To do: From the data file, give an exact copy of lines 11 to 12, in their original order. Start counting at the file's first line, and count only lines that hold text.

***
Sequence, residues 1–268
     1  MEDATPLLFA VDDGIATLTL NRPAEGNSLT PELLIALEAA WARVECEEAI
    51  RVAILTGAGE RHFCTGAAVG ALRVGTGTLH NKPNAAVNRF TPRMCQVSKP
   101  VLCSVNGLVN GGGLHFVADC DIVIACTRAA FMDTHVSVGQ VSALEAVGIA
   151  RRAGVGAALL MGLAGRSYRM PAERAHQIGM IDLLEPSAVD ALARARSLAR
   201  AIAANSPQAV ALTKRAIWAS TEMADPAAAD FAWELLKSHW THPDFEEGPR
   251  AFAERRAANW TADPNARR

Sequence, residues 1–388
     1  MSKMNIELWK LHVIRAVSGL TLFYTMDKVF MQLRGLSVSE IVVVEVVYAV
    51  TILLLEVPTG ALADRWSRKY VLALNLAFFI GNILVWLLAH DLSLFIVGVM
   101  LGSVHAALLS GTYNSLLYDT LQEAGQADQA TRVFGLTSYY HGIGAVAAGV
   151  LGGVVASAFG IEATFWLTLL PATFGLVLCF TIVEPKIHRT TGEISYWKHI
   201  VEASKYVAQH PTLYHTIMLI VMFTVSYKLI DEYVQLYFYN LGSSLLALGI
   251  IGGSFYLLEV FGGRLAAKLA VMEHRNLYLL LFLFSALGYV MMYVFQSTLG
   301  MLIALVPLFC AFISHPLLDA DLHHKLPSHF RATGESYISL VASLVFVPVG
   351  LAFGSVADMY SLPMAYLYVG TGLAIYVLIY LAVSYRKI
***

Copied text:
   101  LGSVHAALLS GTYNSLLYDT LQEAGQADQA TRVFGLTSYY HGIGAVAAGV
   151  LGGVVASAFG IEATFWLTLL PATFGLVLCF TIVEPKIHRT TGEISYWKHI